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Shoulder Pain? Maybe It's a Torn Rotator Cuff.

Shoulder Pain? Maybe It's a Torn Rotator Cuff.

Renowned shoulder specialist will discuss diagnosis and treatment options at online seminar

Rotator cuff tears are a common cause of shoulder pain. According to the American Academy of Orthopedic Surgeons, nearly 2 million people in the U.S. seek medical care each year because of rotator cuff tears, which account for up to $5 billion per year in medical costs and decreased productivity.

The rotator cuff complex is made up of muscles and tendons, which connect the upper arm bone (humerus) to the “socket” (glenoid) of the shoulder blade. When rotator cuff tendons are torn, they become partially or completely detached from the humerus, and they cannot regenerate themselves.

“The shoulder is one of the most complex structures in the human body, and rotator cuff injuries are the most common condition I see in my medical practice,” says John Costouros, MD, an expert shoulder disorders specialist and the chief of shoulder surgery at Washington Hospital’s Institute for Joint Restoration and Research (IJRR).

Dr. Costouros has devoted his entire career to the comprehensive treatment of shoulder disorders such as sports injuries, fractures, rotator cuff tears, instability problems and arthritis. Prior to joining the IJRR program, he was a full-time member of the Stanford Orthopedic Surgery Faculty, training hundreds of surgeons from around the world and sharing the latest advancements and techniques. He says many shoulder injuries can be treated without surgery, and most shoulder injuries requiring surgery can be treated today with minimally invasive arthroscopic surgery techniques. Dr. Costouros also specializes in shoulder joint replacement surgery and reconstruction for more complex problems.

“I decided to join Dr. John Dearborn at the Institute for Joint Restoration and Research because I wanted to provide more personalized care than is usually available in academic hospitals these days,” he notes.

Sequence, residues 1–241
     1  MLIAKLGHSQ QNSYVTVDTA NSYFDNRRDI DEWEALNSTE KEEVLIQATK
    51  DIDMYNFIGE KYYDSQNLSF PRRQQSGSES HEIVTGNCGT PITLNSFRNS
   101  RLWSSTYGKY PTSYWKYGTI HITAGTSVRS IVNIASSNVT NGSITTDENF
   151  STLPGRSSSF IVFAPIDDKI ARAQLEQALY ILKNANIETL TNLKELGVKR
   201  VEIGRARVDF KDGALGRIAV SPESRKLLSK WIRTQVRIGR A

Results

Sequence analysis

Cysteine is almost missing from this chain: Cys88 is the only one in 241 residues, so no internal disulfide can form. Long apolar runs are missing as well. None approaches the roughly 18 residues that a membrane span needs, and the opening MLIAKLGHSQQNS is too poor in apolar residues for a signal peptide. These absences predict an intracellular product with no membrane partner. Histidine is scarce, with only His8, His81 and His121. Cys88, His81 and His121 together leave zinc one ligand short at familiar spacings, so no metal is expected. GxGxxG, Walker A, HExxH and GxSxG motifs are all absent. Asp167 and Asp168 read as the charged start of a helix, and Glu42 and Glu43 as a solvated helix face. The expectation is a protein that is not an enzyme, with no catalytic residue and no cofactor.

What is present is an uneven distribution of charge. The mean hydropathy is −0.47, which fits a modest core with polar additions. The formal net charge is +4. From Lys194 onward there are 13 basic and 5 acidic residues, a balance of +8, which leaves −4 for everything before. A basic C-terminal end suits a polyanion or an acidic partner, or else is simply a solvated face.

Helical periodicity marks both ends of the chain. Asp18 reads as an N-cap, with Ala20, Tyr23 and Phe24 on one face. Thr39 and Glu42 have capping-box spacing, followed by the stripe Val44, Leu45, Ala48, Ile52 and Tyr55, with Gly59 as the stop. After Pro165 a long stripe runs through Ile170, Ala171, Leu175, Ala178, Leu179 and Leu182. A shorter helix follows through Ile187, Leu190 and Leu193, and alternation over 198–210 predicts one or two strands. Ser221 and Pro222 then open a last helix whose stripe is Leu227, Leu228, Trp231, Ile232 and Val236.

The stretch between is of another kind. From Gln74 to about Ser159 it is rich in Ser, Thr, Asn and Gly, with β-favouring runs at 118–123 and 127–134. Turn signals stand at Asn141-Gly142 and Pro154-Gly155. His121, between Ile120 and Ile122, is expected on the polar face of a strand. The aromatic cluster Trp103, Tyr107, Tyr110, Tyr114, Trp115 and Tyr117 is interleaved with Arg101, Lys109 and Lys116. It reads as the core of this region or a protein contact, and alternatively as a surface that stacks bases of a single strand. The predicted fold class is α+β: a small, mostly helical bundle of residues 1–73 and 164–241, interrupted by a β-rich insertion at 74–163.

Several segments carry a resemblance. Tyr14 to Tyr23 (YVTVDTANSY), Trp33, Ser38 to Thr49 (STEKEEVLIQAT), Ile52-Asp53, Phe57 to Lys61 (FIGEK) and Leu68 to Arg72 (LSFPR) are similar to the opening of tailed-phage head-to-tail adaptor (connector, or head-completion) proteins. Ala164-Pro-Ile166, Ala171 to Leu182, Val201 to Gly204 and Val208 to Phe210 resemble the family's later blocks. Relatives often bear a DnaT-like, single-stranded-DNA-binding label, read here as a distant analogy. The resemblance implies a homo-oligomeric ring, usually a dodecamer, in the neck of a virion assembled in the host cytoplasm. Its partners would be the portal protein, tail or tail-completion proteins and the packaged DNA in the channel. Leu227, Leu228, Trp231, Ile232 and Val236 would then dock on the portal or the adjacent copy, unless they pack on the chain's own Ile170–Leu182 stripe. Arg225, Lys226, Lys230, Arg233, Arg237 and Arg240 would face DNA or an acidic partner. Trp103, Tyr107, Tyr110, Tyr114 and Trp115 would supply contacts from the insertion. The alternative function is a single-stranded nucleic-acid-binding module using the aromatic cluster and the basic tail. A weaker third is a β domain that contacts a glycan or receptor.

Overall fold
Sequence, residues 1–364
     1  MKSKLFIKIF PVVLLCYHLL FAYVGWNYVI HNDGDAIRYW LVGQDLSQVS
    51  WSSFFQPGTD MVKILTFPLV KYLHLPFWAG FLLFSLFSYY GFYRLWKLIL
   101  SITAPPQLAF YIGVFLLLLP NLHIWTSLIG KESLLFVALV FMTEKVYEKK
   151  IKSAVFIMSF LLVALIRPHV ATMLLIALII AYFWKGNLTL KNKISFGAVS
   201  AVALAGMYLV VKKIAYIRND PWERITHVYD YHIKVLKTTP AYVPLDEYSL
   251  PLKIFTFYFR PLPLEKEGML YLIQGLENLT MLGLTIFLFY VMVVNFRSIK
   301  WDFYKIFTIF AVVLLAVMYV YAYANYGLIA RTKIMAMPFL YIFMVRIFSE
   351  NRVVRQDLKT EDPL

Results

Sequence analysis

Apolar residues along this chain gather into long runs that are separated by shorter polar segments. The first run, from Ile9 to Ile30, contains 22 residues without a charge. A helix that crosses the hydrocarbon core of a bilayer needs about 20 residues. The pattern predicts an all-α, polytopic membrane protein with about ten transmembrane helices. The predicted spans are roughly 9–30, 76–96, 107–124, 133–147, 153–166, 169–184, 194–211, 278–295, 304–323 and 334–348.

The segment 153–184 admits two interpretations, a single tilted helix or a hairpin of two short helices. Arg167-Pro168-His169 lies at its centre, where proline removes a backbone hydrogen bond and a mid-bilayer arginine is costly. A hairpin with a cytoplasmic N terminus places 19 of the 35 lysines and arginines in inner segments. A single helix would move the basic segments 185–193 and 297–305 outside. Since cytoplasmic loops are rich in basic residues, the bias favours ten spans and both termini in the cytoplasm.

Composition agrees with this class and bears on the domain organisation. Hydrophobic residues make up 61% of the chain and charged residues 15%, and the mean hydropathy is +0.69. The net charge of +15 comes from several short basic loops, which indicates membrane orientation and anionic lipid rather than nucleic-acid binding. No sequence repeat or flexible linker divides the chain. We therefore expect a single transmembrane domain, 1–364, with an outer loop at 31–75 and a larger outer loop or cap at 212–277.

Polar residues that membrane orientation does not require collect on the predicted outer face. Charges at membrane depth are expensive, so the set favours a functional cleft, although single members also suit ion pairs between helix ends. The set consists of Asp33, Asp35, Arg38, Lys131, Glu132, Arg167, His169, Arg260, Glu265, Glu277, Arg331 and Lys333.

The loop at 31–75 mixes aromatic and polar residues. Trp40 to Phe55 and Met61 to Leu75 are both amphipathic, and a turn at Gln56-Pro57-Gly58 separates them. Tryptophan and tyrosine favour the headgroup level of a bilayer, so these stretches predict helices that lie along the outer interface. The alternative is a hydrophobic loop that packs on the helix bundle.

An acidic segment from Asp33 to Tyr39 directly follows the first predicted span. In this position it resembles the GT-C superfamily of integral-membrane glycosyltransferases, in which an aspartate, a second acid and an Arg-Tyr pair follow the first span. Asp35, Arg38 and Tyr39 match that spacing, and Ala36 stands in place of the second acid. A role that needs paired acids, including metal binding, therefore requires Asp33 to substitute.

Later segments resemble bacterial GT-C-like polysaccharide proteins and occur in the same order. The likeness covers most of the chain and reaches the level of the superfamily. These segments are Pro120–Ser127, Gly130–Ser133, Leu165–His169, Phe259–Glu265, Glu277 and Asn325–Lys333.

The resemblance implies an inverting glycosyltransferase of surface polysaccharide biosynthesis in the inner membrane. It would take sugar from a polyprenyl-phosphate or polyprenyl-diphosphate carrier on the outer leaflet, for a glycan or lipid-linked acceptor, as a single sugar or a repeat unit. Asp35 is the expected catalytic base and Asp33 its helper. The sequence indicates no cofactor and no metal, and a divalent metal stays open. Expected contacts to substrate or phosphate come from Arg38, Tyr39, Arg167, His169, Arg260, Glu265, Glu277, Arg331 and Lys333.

To help people in the community learn more about rotator cuff injuries and treatments, Washington Hospital is offering a free online seminar featuring Dr. Costouros on Tuesday, Aug. 30. The seminar, “Rotator Cuff Repair: Advances in Treatment Options,” will be presented through Facebook and YouTube, beginning at 11 a.m. The seminar will include time for questions from participants.

During his presentation, Dr. Costouros will cover the risk factors, symptoms and current treatments for rotator cuff injuries.

“The primary symptoms of rotator cuff tears include pain in the shoulder that radiates down the arm,” he explains. “The pain is usually sharp and related to specific movements and arm positions. It also tends to be worse at night, particularly if you are lying on the affected shoulder. I will discuss these symptoms in more detail during the seminar and explain the methods we use to diagnose rotator cuff tears.”

According to Dr. Costouros, rotator cuff tears fall into two general categories: acute (traumatic) and wear-related (degenerative). “In younger people, most rotator cuff tears result from traumatic injuries such as a fall or sports injury,” he says. “Wear-and-tear injuries are more common in older people. Some athletes who are involved in repetitive overhead activities – including golf, tennis, baseball, swimming and weightlifting – are more prone to degenerative injuries. Workers such as painters and warehouse employees who do a lot of overhead work also have a greater chance of developing rotator cuff tears.”

At the seminar, Dr. Costouros will discuss the various treatment options for rotator cuff tears, including medications, physical therapy, injections of steroids and newer biologic materials, as well as innovative techniques such as tendon transfers and the recently FDA-approved arthroscopic balloon placement procedure.

“I also will explain advancements in shoulder replacement surgeries,” he adds. “For example, in cases where a large rotator cuff tear has developed in addition to loss of cartilage over time causing arthritis, a traditional shoulder replacement will not be effective because the shoulder will dislocate without a functioning rotator cuff. For these patients, a reverse shoulder replacement procedure might be an option.”

The reverse shoulder replacement implant has been used successfully for many years in Europe, but it was not FDA-approved for use in the U.S. until March 2004. Dr. Costouros gained extensive experience with the reverse shoulder replacement procedure while working in Switzerland prior to its FDA approval in the U.S. and was one of the pioneers of this procedure in the U.S.

Join the Seminar – Learn More

To view the Aug. 30 seminar on Facebook, sign into your account and then go to facebook.com/WashingtonHosp. Watching from YouTube does not require an account. Simply go to youtube.com/whhsInHealth.

People attending the seminar via Facebook will be able to ask questions directly during the seminar. Anyone can submit questions in advance to communityoutreach@whhs.com. Following the live event, this seminar – like hundreds of other Washington Hospital productions – can be found on their YouTube channel, YouTube.com/whhsInHealth.

If you would like more information about the IJRR at Washington Hospital, visit www.whhs.com/IJRR. For more information about Dr. Costouros and his medical practice, visit https://californiashoulder.com.

Learn more about Institute for Joint Restoration and Research (IJRR)